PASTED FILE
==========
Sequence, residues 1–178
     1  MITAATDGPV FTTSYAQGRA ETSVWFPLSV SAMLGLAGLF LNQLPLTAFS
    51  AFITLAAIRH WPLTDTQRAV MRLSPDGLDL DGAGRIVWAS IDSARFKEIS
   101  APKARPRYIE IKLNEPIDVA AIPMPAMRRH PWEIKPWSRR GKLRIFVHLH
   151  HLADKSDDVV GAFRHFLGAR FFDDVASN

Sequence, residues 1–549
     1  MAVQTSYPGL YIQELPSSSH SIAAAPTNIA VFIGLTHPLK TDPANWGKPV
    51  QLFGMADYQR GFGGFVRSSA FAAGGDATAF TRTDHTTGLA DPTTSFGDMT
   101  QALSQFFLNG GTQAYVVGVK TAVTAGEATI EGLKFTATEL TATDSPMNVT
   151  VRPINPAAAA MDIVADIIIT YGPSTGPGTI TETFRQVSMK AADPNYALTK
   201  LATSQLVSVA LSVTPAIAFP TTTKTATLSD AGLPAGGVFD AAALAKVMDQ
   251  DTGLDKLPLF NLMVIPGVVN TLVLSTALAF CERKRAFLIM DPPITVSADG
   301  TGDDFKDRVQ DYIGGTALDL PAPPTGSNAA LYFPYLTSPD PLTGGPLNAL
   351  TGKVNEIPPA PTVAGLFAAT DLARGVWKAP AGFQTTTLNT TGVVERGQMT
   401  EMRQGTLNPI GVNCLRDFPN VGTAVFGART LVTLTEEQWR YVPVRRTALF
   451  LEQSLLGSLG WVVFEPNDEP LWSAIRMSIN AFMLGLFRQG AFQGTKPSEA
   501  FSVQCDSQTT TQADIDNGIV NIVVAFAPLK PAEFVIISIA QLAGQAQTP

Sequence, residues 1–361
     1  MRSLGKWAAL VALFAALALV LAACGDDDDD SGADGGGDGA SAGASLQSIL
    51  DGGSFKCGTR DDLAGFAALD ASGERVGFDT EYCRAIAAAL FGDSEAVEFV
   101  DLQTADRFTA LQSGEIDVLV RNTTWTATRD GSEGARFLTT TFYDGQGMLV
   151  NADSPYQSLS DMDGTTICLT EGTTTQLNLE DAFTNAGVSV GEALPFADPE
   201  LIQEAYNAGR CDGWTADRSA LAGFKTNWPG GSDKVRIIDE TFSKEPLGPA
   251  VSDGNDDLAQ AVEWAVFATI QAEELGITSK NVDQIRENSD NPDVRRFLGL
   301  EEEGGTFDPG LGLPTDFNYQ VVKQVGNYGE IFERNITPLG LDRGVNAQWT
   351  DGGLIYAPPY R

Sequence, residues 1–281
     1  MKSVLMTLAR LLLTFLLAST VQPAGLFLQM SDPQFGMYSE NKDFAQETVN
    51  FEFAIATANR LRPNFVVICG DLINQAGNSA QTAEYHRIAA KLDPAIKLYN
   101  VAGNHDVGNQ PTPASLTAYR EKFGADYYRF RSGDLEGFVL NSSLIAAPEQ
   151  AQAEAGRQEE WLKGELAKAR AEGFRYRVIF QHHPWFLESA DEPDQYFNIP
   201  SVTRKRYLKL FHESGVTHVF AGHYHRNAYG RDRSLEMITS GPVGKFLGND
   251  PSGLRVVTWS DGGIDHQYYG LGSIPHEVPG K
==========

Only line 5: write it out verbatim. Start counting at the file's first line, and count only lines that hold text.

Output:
   151  HLADKSDDVV GAFRHFLGAR FFDDVASN